The Alvin Maker books took place in frontier USA, and were about the magical powers of the seventh son of a seventh son. OSC did write some weird shit that I didn't get into.
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Offline Johnny Slick

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Re: Forever Young, I want to be Forever Young
« Reply #17 on: March 30, 2016, 03:08:53 PM »
One of Orson Scott Card's books... Alvin Maker, I think?... doesn't exactly delve into this but it does involve a universe in which the wealthier humans in the world have access to cryostasis technology that the hoi polloi do not. And, ostentatious displays of wealth being what they are, it becomes the "in" thing to go into stasis for 50 or 100 years, pop out for a month or two, and then go back into stasis and thus "live" far longer than anyone else. Soon, even the middle class is forking out loads of credits or what have you for the privilege of going into stasis for even a couple of years. It's an altogether rather dark world that I am glad is not a reality, and I think I feel the same about the idea of buying "years" from the poor. There are some things you should not be allowed to sell in a modern liberal society: your freedom for one, but I think your life is right up there as well. Whatever short-term goal early adopters might gain from it would be more than outweighed by the inevitable decrease in revenue from the act and the huge social disparities it would create.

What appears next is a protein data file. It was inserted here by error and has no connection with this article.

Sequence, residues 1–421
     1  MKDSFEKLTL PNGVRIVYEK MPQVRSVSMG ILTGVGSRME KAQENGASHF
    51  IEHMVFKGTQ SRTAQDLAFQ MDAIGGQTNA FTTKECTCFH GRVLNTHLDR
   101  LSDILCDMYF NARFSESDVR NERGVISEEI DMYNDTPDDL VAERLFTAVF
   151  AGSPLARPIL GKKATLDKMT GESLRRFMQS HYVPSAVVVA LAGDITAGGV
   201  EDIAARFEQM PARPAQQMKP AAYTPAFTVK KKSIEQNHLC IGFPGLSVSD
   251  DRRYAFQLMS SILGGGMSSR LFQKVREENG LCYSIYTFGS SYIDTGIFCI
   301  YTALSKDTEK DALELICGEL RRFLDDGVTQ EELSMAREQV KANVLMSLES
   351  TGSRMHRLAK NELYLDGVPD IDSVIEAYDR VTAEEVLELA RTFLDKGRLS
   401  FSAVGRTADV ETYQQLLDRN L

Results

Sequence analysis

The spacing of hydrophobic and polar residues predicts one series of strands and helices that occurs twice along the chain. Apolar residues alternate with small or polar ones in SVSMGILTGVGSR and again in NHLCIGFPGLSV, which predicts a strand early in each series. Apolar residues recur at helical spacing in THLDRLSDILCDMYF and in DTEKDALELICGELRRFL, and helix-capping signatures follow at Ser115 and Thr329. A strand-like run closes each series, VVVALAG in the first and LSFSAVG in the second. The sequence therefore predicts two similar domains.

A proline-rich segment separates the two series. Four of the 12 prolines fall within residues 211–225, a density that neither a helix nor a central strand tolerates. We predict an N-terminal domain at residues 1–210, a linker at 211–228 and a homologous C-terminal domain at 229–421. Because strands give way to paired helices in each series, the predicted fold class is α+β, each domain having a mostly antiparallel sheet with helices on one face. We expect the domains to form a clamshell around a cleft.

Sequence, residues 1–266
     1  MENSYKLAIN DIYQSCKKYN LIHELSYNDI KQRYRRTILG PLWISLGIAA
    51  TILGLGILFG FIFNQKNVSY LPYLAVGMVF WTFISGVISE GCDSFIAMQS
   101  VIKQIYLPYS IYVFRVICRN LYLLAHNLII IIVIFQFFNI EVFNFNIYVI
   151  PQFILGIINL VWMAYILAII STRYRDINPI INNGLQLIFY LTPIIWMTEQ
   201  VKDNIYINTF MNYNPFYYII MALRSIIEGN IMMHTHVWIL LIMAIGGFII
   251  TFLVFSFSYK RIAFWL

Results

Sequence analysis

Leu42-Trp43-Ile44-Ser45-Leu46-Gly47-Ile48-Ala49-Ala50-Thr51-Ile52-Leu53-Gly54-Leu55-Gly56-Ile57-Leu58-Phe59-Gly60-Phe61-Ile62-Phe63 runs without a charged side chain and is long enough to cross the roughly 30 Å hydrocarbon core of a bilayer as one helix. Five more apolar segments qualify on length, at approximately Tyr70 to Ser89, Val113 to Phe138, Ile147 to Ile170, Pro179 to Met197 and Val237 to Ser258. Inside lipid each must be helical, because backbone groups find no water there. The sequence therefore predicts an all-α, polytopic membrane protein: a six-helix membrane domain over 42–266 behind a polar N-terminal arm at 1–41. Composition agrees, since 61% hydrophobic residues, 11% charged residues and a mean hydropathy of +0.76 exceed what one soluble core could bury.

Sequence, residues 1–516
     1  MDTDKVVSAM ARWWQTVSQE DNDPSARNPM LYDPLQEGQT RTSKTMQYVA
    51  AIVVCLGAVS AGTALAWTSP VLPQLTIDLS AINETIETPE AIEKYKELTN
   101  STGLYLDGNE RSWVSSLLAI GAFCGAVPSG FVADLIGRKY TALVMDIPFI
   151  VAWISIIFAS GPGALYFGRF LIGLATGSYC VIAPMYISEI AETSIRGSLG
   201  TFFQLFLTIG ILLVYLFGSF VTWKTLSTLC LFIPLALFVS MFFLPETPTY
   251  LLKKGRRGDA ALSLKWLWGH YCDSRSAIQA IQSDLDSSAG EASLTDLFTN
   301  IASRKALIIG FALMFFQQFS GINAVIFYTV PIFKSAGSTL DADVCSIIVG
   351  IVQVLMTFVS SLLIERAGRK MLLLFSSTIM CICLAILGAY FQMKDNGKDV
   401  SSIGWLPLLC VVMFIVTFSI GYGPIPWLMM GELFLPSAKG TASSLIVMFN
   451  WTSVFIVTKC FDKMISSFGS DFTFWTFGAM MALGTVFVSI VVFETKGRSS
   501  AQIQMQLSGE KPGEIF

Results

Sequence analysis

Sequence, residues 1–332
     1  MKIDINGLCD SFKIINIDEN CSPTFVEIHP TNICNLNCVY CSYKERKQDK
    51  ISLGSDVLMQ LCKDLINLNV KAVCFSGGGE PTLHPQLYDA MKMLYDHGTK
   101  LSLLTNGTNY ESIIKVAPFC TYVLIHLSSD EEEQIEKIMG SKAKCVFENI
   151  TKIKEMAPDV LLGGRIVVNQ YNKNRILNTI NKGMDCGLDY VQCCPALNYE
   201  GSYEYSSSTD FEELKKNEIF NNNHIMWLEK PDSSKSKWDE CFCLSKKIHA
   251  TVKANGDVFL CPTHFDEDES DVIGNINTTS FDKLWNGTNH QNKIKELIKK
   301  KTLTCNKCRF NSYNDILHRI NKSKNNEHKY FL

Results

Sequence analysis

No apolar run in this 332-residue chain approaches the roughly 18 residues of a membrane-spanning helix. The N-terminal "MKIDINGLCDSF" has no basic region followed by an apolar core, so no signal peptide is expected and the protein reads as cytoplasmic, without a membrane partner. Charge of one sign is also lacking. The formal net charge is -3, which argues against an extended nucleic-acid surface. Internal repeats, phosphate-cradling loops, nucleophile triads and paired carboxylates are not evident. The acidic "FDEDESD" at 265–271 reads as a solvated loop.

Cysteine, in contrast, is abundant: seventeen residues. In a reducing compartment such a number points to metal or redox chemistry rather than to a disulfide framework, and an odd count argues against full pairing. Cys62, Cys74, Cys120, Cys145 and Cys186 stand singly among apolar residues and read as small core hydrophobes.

OSC is a turd of human being but when he isn't so keenly focused on being a turd and is just writing about the inevitable consequences of some actions, he actually tells some good yarns almost in spite of himself.

The Alvin Maker books took place in frontier USA, and were about the magical powers of the seventh son of a seventh son. OSC did write some weird shit that I didn't get into.
I had to look it up... it's the Worthing series (and specifically the book I read was The Worthing Chronicle).
Speak what you think now in hard words, and to-morrow speak what to-morrow thinks in hard words again, though it contradict every thing you said to-day.

- Ralph Waldo Emerson

Offline daniel1948

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Re: Forever Young, I want to be Forever Young
« Reply #18 on: March 30, 2016, 04:22:24 PM »
I wasn't thinking of one monolithic narrative, but rather a series of short stories. The Thieves World stories and Wild Cards stories are examples of shared worlds with many tales by many authors. I liked them when I read them a long time ago.

Yes, that's a much better idea.

One of Orson Scott Card's books... Alvin Maker, I think?... doesn't exactly delve into this but it does involve a universe in which the wealthier humans in the world have access to cryostasis technology that the hoi polloi do not. And, ostentatious displays of wealth being what they are, it becomes the "in" thing to go into stasis for 50 or 100 years, pop out for a month or two, and then go back into stasis and thus "live" far longer than anyone else. Soon, even the middle class is forking out loads of credits or what have you for the privilege of going into stasis for even a couple of years. It's an altogether rather dark world that I am glad is not a reality, and I think I feel the same about the idea of buying "years" from the poor. There are some things you should not be allowed to sell in a modern liberal society: your freedom for one, but I think your life is right up there as well. Whatever short-term goal early adopters might gain from it would be more than outweighed by the inevitable decrease in revenue from the act and the huge social disparities it would create.